“A scene should have a point, Mom. Cause and effect, a drive toward a goal. Wandering aimlessly with no apparent destination isn’t going to cut it.”

“Enough!” Jenna said. Her breath quickened, her anxiety cranking up at the badgering. “Enough now, Cass.”

I have a goal, Jenna thought. Just not one I intend to discuss with you, thank you very much.

As Cassie had grown, Jenna had slowly but inevitably discovered that this child, her child, wasn’t an extension of herself.

“They spend their whole lives walking away from you,” the kindergarten teacher had said on her little girl’s first day. “Your job now is to be there when they look back.”

Jenna’s eyes had searched her daughter out as she introduced herself to a little boy, the two of them launching into an animated discussion about whatever pressing matters five-year-olds discuss.

But Cassie never looks back, Jenna thought as she stood in the doorway waiting to wave goodbye to a child who’d forgotten she was there.

Oh, but the stories. The stories were the flickering light of a lone star in an inky-blue sky. The fantastical, sweeping stories that had begun before Cassie could even write them.

This, Jenna had thought. This is it. Tangible evidence my DNA runs somewhere through this kid.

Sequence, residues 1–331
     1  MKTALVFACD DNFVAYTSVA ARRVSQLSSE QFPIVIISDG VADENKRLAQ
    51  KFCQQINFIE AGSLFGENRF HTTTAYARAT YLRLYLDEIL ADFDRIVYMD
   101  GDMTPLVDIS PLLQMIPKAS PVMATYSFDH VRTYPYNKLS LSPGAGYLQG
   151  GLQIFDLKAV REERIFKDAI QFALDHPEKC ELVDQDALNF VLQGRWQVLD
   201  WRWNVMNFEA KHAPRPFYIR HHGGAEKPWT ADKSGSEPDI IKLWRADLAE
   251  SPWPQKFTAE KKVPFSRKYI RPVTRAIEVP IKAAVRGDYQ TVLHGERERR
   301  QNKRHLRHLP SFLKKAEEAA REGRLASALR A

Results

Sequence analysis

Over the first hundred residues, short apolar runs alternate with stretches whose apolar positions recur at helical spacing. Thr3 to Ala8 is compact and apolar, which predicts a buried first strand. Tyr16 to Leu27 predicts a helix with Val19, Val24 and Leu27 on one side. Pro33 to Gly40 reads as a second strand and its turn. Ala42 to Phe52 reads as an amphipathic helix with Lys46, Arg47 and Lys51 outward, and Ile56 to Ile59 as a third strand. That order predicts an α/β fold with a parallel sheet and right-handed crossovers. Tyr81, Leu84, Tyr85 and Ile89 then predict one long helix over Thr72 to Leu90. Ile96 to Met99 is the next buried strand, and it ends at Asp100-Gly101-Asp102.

There’d been times she’d wondered. Was it possible the child had been switched in the hospital? Had some sly nurse slid into her room while she dozed and slipped a changeling into her arms, then snuck away into the night with her real daughter?

What had become of the daughter Jenna always thought she’d have? The shy, studious girl who would hide when visitors came? The child who would pull the bottom drawer out of her dresser, dump out the contents, and snuggle into her self-made nest with a pillow and a picture book?

That daughter came later. They named her Sarah, their second born.

But Cassie wasn’t her sister, or her mother, and never would be.

Accepting that made it easier for Jenna to appreciate and celebrate the daughter she did have. The wild, willful, wonderful daughter.

“Unless your goal is to end up stranded on the interstate in the middle of nowhere—which is fine if you’re going for horror, but not really your style—you need to put gas in the car, Mom.”

“Thank you, Cassie, for that astute observation. I don’t know what I’d do without you.”

“Neither do I.”

If the stories were a star in the sky, Jenna had been tracking that star her entire life. From a practical distance. She’d majored in journalism. Journalism was a marketable skill.

A springboard, she’d told herself. I’ll write that novel one day. When the time is right.

When Matt had encouraged Jenna to take a hiatus from her job and write the book she’d always planned, she’d hesitated.

“If not now, then when?” His optimism confounded her.

Cassie had other plans.

“I’ve decided to self-publish my book,” her daughter had declared at dinner a few months later.